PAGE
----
Hydrogen enters steel during casting, cleaning by most common acids (except nitric), cathodic electrocleaning, electroplating, heat treating in reducing atmospheres and some welding processes. It can be a serious problem in highly stressed, high strength steels. There are several embrittlement mechanisms, but basically, the hydrogen adds to internal stresses and accumulates at defects, leading to failure at even low loads. The hydrogen embrittlement danger increases with increasing hardness and decreasing part thickness for a given type and amount of plating.

Hydrogen build-up is especially high in hard chromium plating from Cr+6 solutions due to the low cathode efficiency (large amperage required). The amount of hydrogen liberated at the cathode (workpiece) surface is proportional to the plating thickness. Steel of ultimate tensile strength 150 ksi or greater having residual stresses from machining, grinding, hardening, etc., should be stress relieved or shot peened prior to plating. Steel having a tensile strength of at least 160 ksi or HRC 36 shall be given a hydrogen bake-out at 191 °C (375 °F) or higher for 3 or more hours as soon as possible after plating. See QQ-C-320B or AMSQQC320 [affil. link to spec at Techstreet] CHROMIUM PLATING (ELECTRODEPOSITED), for more details.

Ken Vlach
- Goleta, California

contributor of the year honored Ken for his countless carefully
researched responses. He passed away May 14, 2015.
Rest in peace, Ken. Thank you for your hard work
which the finishing world continues to benefit from.

De-embrittlement process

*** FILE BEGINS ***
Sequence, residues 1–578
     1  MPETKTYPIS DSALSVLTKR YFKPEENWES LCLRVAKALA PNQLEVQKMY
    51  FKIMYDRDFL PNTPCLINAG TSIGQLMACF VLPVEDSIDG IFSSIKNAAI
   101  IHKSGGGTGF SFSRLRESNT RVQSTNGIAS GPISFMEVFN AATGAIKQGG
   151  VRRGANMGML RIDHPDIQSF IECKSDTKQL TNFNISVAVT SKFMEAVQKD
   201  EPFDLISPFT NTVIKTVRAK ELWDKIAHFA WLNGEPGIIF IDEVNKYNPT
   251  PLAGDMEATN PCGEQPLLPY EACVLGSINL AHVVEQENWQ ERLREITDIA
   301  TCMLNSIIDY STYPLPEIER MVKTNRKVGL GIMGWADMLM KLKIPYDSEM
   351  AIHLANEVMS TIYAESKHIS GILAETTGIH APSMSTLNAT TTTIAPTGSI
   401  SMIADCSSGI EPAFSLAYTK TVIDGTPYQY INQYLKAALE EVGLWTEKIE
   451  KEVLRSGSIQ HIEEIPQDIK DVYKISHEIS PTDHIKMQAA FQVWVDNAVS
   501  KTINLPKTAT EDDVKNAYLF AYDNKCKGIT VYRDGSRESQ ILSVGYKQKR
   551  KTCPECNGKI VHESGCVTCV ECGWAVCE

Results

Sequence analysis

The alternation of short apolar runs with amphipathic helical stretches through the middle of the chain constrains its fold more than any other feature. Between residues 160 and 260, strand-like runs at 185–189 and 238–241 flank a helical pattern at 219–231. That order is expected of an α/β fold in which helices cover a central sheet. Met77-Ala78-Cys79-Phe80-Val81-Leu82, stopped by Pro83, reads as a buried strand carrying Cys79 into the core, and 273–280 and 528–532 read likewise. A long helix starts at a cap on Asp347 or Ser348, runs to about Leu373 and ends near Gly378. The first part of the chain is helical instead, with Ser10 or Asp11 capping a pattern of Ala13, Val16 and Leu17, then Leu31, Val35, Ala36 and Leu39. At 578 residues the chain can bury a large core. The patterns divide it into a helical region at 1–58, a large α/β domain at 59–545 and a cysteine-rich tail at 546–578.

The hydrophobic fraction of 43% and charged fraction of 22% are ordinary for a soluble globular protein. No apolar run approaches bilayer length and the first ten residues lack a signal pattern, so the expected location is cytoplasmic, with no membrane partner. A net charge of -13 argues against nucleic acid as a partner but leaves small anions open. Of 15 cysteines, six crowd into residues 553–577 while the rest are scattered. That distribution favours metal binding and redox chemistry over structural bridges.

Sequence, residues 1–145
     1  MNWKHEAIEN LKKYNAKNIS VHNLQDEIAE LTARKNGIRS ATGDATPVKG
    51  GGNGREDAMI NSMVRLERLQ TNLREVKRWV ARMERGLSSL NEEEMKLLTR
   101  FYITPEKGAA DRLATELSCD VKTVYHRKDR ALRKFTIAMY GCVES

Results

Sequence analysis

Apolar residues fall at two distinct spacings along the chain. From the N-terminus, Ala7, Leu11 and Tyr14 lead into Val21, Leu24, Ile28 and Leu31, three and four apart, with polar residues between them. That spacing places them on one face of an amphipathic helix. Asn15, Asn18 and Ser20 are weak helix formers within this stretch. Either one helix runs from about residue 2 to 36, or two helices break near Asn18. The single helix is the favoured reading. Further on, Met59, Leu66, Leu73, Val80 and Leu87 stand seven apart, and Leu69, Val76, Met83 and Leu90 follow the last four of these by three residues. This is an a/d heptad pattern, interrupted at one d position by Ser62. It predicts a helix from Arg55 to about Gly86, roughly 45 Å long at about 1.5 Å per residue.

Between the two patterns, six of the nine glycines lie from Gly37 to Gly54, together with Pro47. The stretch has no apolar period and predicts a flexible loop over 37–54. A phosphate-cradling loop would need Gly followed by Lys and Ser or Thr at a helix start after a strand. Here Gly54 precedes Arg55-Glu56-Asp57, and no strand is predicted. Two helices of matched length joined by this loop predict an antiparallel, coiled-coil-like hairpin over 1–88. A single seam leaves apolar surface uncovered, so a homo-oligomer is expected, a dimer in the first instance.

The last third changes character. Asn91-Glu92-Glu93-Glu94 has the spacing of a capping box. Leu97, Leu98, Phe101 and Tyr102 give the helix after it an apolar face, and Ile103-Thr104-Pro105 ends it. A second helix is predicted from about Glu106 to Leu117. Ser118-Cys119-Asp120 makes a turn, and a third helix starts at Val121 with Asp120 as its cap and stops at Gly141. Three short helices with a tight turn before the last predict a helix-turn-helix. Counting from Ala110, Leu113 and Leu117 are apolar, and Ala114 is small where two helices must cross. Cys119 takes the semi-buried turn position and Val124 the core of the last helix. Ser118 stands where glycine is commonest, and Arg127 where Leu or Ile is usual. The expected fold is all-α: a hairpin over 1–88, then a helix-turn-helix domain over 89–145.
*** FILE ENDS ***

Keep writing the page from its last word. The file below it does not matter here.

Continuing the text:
Q. Please give advice on standard hydrogen de-embrittlement process. Please also advice on the material which have bypassed hydrogen de-embrittlement process. How can we correct it?


simultaneous 2007

A. Prabhunath,

There is nothing that can be done to rescue parts that have missed de-embrittlement. The damage to the parts is time dependent and cannot be repaired, once the damage is done it is permanent. It is made even worse that you probably won't even be able to tell whether the parts have suffered embrittlement damage so unfortunately you should scrap them.

De-embrittlement requirements across the world differ slightly but are usually based either on material strength or material hardness (my particular company tends to work on strength).

As a rough guide (and I can only emphasise that it is a guide) materials below approximately 1100 MPa (160 ksi) do not need de-embrittlement. Materials between 1100 MPa and 1450 MPa (160-210 ksi) will need de-embrittlement at approximately 190-205 °C (375-400 °F) for about 6 hours. Steels greater than 1450 MPa and less than 1800 MPa (210-260 ksi) will need de-embrittlement for about 18 hours at 190-205 °C, for greater than 1800 MPa then 24 hours is normally recommended.